From the simplest test description, with the aid of a formattable test field, up to reusable text modules and the interaction method, the TestBench provides every test designer with the right specification method. At any time, it is possible to switch methods or to combine various methods with each other.
You can simply make a start and develop your skills with the TestBench.
The test description can be formatted in a text field in an easily understandable way. An important point to mention is the inclusion of screenshots so that the test description can be designed in a way that is as straightforward as possible for the tester.
Tests can also be created as a sequence of textually described test steps – in a similar way to Excel. Test designers can get down to work extremely quickly with this kind of description, which is, to a certain extent, very formal.
With reusable text modules (interactions), which are recorded and administered centrally in a library, you accelerate the test specification and optimize the maintenance of tests at the same time. In this case, every interaction represents a test step. Changes to interactions have an immediate effect on all tests in which they are used.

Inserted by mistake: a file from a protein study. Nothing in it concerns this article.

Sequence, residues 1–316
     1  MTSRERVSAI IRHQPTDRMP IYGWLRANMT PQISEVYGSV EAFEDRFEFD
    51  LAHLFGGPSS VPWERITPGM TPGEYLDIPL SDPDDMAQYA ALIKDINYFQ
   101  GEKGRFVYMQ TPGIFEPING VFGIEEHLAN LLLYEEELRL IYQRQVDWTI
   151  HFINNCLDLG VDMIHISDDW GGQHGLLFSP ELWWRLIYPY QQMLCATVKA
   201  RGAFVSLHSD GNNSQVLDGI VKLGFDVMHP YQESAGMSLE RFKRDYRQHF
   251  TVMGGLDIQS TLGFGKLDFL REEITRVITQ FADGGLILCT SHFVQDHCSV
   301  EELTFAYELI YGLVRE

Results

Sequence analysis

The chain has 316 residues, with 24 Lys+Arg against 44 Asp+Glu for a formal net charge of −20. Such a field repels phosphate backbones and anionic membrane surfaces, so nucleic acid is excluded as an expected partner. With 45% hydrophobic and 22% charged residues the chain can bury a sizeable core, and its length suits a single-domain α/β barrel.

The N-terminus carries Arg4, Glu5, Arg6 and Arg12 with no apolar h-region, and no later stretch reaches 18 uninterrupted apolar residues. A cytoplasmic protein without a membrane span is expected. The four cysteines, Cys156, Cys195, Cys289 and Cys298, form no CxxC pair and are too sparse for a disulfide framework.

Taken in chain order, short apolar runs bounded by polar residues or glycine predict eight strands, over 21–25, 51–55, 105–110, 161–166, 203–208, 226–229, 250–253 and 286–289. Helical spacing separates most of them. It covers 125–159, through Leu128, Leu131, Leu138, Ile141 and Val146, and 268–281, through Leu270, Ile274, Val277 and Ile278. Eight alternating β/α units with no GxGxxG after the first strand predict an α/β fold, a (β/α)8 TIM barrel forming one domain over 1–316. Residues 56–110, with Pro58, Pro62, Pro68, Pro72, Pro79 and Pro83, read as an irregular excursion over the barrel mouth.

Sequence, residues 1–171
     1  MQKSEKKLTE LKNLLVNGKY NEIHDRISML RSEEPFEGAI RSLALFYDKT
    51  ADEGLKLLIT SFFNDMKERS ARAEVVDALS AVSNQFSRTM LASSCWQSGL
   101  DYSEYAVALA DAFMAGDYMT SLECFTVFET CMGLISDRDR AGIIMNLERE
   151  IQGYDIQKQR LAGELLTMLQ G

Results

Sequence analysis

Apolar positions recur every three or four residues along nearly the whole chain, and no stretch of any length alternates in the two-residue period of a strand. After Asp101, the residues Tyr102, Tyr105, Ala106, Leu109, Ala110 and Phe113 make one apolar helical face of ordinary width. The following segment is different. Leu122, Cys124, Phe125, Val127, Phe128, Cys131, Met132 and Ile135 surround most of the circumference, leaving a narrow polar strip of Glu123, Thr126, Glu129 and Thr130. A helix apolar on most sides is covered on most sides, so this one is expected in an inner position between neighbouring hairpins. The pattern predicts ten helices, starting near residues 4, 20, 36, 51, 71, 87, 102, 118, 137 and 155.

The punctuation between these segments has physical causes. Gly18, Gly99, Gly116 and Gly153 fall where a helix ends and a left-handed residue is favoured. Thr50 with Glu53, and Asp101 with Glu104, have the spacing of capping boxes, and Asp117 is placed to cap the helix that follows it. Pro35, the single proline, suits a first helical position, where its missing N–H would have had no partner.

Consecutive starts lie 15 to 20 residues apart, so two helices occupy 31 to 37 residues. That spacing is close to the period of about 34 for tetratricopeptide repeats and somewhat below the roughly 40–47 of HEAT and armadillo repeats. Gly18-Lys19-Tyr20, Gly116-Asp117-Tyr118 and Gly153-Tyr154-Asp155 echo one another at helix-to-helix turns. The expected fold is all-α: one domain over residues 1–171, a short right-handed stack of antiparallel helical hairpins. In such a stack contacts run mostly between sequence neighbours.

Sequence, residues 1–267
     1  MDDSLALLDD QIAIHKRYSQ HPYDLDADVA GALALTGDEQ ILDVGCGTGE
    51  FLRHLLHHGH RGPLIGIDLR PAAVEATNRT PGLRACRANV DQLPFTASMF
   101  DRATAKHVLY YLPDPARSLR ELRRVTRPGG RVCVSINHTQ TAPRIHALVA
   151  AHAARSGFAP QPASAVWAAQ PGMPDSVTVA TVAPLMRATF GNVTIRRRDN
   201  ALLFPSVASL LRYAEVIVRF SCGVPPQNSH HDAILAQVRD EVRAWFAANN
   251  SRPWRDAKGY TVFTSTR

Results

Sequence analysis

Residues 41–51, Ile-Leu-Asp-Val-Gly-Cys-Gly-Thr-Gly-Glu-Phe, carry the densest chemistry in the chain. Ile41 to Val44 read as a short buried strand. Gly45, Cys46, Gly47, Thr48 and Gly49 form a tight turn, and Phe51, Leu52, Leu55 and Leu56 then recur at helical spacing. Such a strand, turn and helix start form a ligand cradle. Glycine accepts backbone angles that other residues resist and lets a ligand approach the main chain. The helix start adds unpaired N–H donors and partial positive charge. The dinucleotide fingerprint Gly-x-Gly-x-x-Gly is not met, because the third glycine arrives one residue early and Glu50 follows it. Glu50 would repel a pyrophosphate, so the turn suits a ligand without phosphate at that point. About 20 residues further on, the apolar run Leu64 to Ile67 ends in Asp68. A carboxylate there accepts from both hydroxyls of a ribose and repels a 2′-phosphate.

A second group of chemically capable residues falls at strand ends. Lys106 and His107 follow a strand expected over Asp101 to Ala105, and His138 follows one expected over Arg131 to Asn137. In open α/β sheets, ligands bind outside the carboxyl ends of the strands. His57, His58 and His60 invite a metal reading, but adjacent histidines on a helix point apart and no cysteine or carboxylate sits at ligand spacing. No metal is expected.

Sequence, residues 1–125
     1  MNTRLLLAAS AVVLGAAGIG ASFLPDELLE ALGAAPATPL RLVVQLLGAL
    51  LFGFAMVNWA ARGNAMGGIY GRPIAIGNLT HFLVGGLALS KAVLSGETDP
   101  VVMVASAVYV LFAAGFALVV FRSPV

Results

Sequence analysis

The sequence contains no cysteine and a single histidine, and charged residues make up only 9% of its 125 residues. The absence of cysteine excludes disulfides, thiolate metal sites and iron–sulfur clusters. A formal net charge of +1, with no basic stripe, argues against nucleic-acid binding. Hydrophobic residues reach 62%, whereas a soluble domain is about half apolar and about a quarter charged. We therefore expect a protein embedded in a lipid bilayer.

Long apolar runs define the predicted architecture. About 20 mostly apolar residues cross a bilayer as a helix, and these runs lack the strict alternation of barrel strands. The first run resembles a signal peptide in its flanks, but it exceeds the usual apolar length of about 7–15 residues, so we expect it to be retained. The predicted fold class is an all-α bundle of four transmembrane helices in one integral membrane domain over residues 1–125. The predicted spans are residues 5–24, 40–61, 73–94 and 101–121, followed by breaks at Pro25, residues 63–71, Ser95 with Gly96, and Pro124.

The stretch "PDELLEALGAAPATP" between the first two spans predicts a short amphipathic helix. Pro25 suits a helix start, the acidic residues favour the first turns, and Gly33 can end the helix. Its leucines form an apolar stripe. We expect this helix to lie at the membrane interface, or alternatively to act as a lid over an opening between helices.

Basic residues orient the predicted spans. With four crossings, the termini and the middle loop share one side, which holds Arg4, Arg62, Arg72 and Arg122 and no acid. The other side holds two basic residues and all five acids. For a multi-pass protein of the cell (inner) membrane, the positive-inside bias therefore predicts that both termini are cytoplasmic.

Interactions are parameterisable, which means they can use different test data for each deployment. This facilitates the specification of data-driven tests. The interactions are linked to test data that is also recorded and administered centrally in a library. Central data storage is a huge advantage of the TestBench, making test specifications and their maintenance easier. The combination of reusable test steps with test data is described in the TestBench as the interaction method.
In order to facilitate the maximum possible modularisation, and thus reusability, of test elements, every interaction can be put together from other interactions. In the same way, data types can be structured, in other words they can be assembled from other data types. This means that several abstraction levels of the test description are established. As a result, the business process can be described in an extremely simple way at the highest level, and then far more precisely at the corresponding lower levels.